Philly union says Tierney-could-return rumor is false
From: Guild Bulletin
Date: Wed, Sep 1, 2010 at 12:41 PM
Subject: An update on closing, an attempt at rumor control, and an invitation to the Labor Day Parade
Dear Guild member,
As you should have read by now, the closing date for the sale of the Daily News, Inquirer and Philly.com to Philadelphia Media Network, Inc. has been postponed to Sept. 14 in order to give the new company additional time to come to terms with several unions that have yet to ratify their agreements. Our contract will not take effect until the sale is completed and we will be certain to update the membership with any pertinent developments.
Let us take this opportunity to try and clear up a rumor that Brian Tierney started when he told employees at the Schuylkill Printing Plant that if a union fails to sign a contract with the new owners, he returns. While this has spread like wildfire, it is not true.
Guild members have asked us if Mr. Tierney was behind local philanthropist Ray Perelman being paraded through 400 N. Broad Street on the day of our ratification vote last week. The answer is not clear although Inquirer Editor Bill Marimow told his staff in a news meeting that Perelman, who had partnered with Tierney and other insiders as the so-called Stalking Horse bidder during the auction, was looking at financial data in case the lenders didn’t close and he had to step up to bid.
Bankruptcy Court Judge Stephen Raslavich, who according to a KYW Radio report warned against "gamesmanship" so late in the process, called a private conference in his chambers the following day after which Philadelphia Media Holdings CEO Joe Bondi gave a statement to the radio station that there was no Perelman bid.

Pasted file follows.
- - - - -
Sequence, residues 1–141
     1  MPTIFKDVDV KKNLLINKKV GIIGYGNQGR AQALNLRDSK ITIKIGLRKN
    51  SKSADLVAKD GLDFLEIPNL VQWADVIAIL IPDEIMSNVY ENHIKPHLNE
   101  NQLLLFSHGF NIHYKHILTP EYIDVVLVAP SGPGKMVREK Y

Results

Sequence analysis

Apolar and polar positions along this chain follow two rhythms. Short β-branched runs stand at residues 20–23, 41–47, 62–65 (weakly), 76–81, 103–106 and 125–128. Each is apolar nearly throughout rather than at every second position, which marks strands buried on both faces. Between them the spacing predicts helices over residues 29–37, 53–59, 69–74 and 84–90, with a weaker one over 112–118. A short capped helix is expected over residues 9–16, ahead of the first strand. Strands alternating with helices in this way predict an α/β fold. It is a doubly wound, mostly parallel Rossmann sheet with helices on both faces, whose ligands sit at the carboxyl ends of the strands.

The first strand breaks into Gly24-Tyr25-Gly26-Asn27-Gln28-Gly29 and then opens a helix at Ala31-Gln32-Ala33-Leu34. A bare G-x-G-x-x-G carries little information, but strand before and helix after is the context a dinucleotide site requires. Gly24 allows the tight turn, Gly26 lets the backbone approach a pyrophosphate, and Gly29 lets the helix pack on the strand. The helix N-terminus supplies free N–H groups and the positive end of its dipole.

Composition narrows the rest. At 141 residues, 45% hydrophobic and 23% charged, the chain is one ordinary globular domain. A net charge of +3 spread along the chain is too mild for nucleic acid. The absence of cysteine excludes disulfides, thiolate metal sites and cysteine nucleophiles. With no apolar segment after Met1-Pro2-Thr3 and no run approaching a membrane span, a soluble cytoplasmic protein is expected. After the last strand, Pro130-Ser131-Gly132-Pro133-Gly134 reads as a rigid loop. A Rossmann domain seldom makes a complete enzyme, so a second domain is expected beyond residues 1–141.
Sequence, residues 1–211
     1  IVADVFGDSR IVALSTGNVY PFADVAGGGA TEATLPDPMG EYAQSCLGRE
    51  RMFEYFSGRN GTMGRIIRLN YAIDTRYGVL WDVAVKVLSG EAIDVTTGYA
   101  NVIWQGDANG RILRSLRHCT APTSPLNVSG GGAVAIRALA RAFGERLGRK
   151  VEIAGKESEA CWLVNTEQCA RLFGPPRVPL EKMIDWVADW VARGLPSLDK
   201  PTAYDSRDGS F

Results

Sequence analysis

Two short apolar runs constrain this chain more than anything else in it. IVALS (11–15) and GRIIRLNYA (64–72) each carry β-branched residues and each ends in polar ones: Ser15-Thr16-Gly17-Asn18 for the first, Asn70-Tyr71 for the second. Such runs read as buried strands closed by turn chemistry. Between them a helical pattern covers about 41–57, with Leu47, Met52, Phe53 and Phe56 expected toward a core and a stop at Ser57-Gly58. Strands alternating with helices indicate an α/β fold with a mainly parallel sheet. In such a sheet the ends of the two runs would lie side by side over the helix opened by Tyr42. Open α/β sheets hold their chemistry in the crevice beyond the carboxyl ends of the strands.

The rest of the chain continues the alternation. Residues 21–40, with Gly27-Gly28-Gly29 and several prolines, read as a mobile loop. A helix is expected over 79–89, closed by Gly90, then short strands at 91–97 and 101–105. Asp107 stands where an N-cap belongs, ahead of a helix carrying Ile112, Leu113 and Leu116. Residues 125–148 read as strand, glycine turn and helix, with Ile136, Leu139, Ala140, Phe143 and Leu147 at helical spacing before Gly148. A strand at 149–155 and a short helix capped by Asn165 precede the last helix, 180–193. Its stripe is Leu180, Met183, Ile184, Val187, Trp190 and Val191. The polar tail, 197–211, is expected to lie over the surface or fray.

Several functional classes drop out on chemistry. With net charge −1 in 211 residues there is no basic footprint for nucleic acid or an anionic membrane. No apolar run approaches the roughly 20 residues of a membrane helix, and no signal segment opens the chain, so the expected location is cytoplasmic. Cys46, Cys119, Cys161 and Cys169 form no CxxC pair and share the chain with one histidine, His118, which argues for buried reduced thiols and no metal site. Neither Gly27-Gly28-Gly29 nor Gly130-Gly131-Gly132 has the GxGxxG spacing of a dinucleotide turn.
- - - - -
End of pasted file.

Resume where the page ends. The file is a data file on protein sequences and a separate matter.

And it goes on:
But wait, you might say, I thought Tierney pledged to make this a smooth transition. Isn't he supposed to go away, stay quiet and collect his $300,000 "consulting" fee? Yes, that is what he agreed to. We can't say for certain that Tierney is working to delay and derail the closing process. However, as his departure settlement stipulates that he is to be paid through closing, and six months beyond, certainly there would be a financial motivation for him to do so. That fact coupled with his misleading workers into believing he magically returns if anything goes wrong with the sale, seem to suggest there could be gamesmanship at play.
Several other senior management officials, whom the new owners have pledged to pay for two months beyond closing, and who are involved in the contract and bankruptcy process, also potentially have a reason to sabotage negotiations and delay closing.
But enough about those who are standing in our way. Our members stepped up and voted overwhelmingly in support of a concessionary contract because we are committed to helping the new company and these newspapers succeed. We sincerely hope that after 18 months, this bankruptcy is coming to an end and we can all move forward into the future. Stay tuned for any updates.
While we have your attention, the Guild is looking for volunteers to march in Monday's Labor Day Parade along Columbus Boulevard. If you are interested in participating in the parade, which includes lunch and a t-shirt, please reply to this e-mail with your t-shirt size.
Dan Gross, President,
Bill Ross, Executive Director, The Newspaper Guild of Greater Philadelphia/Communications Workers of America Local 38010